|I haven't the slightest notion of|
what Tyler Duffey's doing here.
I am trying to be sanguine about this. As I've said in recent posts, the Twins (and virtually every other team) will use about eight starting pitchers in the coming season. Duffey will almost certainly be one of them even if he doesn't open the season in Minnesota.
But to the extent that Duffey lost the rotation spot that he had been penciled in for because he was trying to develop his changeup -- as opposed to, perhaps, pitching poorly as the result of his workload increase last season -- well, that's irritating because it probably wasn't necessary.
The pitching repertoire lists show Duffey as a two-pitch pitcher. The Bill James Handbook says Duffey threw 58 percent fastballs last year with the Twins, 40 percent curves, 2 percent changes. By all accounts, Duffey put the change "in his back pocket" down the stretch.
But ... he throws two fastballs and two curves, as detailed in this Fangraphs piece. (The piece was posted Tuesday just before Duffey's demotion was announced.) Duffey throws both the two-seam fastball (aka sinker) and the four-seam fastball. And he throws two distinct types of curves, with different speeds and "shapes."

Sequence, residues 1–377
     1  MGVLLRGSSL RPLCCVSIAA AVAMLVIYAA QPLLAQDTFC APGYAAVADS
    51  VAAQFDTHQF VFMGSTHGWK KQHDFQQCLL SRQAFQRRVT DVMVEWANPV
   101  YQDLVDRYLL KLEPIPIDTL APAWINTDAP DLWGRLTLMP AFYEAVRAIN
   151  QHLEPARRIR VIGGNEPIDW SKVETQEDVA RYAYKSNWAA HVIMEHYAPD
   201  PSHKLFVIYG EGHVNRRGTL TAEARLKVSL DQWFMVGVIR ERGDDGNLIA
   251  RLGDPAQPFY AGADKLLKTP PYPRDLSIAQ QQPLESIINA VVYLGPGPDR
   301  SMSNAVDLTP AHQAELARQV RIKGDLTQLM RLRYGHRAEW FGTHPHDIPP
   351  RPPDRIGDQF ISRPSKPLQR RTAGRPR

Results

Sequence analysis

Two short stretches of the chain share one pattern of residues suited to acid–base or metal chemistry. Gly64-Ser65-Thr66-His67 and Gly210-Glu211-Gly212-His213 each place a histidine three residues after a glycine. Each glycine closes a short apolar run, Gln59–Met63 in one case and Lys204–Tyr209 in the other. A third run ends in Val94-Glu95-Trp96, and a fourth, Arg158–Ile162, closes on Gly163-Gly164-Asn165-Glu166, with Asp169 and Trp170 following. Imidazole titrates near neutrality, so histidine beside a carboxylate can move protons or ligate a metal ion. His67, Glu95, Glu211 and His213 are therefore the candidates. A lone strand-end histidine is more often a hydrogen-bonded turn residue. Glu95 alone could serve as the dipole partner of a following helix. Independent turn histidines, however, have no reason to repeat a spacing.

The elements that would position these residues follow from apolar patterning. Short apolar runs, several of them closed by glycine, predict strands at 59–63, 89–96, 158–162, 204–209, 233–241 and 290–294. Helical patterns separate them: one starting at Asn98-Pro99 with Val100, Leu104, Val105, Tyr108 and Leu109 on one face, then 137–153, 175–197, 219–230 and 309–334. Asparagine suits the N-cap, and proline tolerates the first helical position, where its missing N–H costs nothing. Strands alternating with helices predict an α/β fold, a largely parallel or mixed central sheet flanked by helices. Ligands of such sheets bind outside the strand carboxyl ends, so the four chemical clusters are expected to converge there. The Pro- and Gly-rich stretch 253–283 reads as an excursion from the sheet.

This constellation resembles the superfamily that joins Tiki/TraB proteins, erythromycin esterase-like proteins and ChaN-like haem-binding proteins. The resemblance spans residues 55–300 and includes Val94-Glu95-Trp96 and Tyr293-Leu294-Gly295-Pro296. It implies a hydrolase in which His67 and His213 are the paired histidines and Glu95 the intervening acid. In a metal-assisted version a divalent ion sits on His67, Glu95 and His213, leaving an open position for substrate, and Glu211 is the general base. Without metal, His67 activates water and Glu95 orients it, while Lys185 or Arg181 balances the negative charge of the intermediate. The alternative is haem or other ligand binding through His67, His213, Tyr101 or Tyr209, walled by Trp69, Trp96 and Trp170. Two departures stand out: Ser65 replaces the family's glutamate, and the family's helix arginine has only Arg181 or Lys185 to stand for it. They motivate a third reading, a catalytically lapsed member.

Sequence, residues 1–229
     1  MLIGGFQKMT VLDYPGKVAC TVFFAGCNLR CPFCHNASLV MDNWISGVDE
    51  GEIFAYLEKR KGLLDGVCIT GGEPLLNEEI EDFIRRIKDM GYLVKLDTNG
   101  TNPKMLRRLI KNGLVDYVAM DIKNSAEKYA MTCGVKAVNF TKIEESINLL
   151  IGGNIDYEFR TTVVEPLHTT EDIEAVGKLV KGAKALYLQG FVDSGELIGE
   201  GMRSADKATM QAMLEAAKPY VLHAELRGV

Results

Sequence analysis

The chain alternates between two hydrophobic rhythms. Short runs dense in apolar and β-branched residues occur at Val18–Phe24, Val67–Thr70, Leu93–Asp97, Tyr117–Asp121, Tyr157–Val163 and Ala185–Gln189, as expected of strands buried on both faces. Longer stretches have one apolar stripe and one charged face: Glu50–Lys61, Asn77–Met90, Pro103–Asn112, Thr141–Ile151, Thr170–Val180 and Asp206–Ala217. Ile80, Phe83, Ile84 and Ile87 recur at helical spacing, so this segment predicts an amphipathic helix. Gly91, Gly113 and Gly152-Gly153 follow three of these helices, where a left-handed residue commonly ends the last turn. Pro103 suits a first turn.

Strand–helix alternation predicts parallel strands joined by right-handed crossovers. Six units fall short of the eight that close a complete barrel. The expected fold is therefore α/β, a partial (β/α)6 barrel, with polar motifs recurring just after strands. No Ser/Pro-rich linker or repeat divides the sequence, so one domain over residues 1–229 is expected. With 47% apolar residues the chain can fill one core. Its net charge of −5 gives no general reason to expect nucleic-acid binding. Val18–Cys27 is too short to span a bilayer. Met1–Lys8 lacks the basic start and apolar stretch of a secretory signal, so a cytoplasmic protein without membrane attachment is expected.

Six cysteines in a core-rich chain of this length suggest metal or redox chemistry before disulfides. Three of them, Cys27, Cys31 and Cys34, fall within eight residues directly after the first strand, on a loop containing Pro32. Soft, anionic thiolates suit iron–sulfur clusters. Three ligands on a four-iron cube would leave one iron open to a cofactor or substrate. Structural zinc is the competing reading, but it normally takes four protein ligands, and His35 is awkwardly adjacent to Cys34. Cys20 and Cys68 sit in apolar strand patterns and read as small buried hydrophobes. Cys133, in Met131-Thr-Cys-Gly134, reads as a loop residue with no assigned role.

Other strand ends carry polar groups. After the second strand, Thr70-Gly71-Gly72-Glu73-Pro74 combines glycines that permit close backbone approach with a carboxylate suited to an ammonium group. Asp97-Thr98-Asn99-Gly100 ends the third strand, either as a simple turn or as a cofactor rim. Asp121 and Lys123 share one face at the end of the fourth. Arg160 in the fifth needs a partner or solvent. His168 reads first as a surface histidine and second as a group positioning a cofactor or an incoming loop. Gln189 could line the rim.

That's four pitches, not two. Now, there is an oddity about the fastballs; Most two-fastball pitchers get noticeably greater velocity out of their four-seamer than from their two-seamer. Duffey says his are about the same speed. So maybe the fastballs would more accurately count as 1.5, but he clearly thinks of them as different pitches. One moves, the other does not.
Anyway, the change would be a fifth pitch, and there comes a point for any pitcher when the repertoire becomes too large.
Neil Allen, the Twins pitching coach, believes strongly in the changeup, and for most pitchers that's legitimate. Duffey himself in the Fangraphs piece sounds convinced that he'll need an effective changeup. I'm not so sure. I'm afraid the push for a change is fixing something that wasn't broken, until they broke it.